Fig. 2 P. aeruginosa biofilm inhibition assay. A. Inhibition of P. aeruginosaPAO1 biofilms. B. Biofilm inhibition of PAO1 and three P. aeruginosa clinical isolates. Biofilm inhibition was performed on the wild-type strain PAO1 with added α-NPF (0.5mM) or dendrimers (0.05 mM). The values are normalized so that biofilm formation or dispersal without any inhibitor is set to 100%; Bckg is a background measurement with no added bacteria. The values are shown with the standard error from triplicate measurements. See supporting information for experimental conditions. Data for FD2, PA5 and PA6 from ref. 16b.

Proteolytic studies showed that D-DF2 was highly resistant towards proteolytic degradation. D-FD2 was unaffected by treatment with trypsin or chymotrypsin for 48 h (100 mM COMPOUND LINKS

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Tris
pH 7.5) Under the same conditions FD2 was completely degraded in 30 min. at the expected cleavage sites within its branches (see supporting information). The branching L-lysines themselves were unreactive to proteolysis confirming a previous model study.19 Similarly D-FD2 was completely stable in human serum, while FD2 underwent slow degradation (t1/2 ∼ 60 h).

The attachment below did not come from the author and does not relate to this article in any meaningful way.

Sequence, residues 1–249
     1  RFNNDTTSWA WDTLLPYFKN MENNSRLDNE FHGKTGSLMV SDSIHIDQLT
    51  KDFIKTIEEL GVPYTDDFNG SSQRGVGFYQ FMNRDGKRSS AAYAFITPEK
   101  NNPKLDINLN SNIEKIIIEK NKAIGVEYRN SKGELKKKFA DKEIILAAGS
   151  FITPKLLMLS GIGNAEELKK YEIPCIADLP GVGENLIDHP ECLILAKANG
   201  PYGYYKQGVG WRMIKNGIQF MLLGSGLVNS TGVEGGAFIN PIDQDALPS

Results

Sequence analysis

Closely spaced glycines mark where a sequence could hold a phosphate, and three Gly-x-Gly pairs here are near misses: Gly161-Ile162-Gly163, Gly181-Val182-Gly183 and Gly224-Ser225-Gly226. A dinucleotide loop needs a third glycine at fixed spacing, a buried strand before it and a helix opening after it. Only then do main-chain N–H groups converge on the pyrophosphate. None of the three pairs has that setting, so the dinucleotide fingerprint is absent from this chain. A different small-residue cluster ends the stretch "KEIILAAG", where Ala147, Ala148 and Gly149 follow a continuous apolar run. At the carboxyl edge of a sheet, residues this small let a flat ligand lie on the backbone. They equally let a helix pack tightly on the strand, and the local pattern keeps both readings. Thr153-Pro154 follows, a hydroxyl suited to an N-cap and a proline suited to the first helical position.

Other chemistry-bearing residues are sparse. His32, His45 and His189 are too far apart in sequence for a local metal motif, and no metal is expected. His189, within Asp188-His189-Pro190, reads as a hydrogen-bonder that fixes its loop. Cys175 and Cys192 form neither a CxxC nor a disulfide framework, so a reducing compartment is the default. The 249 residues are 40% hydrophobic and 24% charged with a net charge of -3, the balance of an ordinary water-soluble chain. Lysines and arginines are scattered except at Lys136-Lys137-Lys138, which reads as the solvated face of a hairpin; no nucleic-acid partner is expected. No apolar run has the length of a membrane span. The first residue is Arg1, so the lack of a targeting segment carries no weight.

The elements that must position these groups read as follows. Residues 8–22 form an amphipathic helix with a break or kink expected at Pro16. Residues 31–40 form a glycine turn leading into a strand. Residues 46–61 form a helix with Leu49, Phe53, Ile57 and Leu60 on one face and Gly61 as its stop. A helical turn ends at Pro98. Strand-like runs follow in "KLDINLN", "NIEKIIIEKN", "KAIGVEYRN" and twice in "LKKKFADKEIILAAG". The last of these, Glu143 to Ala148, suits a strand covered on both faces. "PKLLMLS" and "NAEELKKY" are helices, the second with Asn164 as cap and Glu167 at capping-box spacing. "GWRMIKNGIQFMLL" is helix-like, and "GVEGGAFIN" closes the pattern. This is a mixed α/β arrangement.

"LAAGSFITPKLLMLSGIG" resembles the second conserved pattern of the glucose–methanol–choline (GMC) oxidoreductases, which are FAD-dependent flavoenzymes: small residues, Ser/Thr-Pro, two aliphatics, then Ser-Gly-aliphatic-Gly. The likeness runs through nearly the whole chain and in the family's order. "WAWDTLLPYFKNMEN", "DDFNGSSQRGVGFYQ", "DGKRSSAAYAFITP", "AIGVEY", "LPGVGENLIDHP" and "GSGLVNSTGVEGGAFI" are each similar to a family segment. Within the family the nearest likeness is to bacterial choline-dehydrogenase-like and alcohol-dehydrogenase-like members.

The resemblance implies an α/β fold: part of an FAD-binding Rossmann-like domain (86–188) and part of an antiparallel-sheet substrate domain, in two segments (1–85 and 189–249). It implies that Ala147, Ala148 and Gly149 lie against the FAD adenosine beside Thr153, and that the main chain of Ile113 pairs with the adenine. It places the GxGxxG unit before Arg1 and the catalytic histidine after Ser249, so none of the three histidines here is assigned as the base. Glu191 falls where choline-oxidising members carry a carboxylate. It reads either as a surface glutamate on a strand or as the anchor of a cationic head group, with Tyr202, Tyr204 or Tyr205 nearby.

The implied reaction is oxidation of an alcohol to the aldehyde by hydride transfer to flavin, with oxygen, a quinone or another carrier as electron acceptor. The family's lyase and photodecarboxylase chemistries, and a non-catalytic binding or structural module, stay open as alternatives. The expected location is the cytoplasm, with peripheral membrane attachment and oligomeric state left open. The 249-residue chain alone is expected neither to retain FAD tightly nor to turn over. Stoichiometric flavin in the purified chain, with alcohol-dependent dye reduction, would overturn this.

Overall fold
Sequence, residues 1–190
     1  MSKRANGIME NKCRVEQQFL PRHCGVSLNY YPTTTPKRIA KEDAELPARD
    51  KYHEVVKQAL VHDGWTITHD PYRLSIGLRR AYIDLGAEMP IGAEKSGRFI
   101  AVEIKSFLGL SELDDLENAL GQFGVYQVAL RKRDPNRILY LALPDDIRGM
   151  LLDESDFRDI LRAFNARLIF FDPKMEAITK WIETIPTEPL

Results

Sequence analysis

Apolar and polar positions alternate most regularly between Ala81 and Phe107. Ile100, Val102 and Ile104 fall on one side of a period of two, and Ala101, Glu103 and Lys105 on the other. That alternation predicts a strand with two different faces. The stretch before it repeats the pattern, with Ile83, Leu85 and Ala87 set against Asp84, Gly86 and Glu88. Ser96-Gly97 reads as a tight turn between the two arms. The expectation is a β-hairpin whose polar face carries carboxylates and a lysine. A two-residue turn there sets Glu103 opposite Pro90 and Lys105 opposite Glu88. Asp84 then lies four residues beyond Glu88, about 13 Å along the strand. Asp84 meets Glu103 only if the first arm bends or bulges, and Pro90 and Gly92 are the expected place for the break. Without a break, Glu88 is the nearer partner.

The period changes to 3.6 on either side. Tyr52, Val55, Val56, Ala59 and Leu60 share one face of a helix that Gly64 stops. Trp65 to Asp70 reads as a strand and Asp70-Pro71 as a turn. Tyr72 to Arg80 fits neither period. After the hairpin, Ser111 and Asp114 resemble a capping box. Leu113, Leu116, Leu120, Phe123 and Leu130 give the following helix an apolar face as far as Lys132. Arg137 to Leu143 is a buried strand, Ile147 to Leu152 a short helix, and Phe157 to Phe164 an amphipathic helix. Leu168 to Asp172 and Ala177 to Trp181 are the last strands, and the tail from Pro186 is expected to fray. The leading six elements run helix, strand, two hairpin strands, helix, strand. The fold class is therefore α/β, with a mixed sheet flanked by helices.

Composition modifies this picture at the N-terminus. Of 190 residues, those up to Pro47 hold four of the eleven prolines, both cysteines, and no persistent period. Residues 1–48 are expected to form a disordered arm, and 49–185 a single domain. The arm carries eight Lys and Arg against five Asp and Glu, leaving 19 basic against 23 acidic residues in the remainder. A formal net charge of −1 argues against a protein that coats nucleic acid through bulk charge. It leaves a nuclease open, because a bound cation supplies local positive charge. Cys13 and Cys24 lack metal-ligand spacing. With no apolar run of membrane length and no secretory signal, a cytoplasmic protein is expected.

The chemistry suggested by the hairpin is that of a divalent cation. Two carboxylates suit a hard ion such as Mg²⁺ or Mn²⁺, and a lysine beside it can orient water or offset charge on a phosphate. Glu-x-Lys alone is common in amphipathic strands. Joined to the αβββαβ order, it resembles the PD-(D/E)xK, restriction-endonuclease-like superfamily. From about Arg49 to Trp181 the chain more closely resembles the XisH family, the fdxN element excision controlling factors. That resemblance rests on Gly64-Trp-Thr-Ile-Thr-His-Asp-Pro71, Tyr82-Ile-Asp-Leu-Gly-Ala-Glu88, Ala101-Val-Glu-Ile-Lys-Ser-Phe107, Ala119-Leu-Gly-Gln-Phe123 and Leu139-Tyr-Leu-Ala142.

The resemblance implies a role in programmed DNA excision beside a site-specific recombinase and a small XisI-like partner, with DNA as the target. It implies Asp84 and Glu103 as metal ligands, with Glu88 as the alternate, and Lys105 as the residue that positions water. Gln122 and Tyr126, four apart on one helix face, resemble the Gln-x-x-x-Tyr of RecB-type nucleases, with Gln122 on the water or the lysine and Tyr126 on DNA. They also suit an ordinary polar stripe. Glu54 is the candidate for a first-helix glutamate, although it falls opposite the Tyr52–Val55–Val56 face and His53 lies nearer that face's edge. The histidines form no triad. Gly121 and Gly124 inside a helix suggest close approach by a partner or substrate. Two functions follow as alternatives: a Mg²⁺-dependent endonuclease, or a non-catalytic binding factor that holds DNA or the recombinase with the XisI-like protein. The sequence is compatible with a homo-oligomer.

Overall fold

The CD-spectra of D-FD2 and FD2 in aqueous buffer indicated random coil conformations of the peptide chains in both cases. Addition of 20% v/v COMPOUND LINKS

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trifluoroethanol
(TFE) induced 20% α-helix content in FD2 but only 10% for D-FD2, suggesting differences in their conformations (Fig. 3AB). To further investigate this point, molecular dynamic simulations (MD) were performed with both dendrimers considering preformed α-helical conformation as starting point. During the course of the simulation for 10 ns at 300 K using NPT as ensemble, both dendrimers showed mainly random coil structures, with 20–40% retention of α-helix in FD2. FD2 had on average a smaller radius of gyration and a larger number of intramolecular hydrogen bonds compared to D-FD2, resulting in a significantly more compact structure than D-FD2 (Fig. 3C–F and supporting information). These data suggest that the conformational space occupied by these stereoisomeric dendrimers is significantly different, which might explain the weaker LecB binding and biofilm disrupting activity of D-FD2 compared to FD2.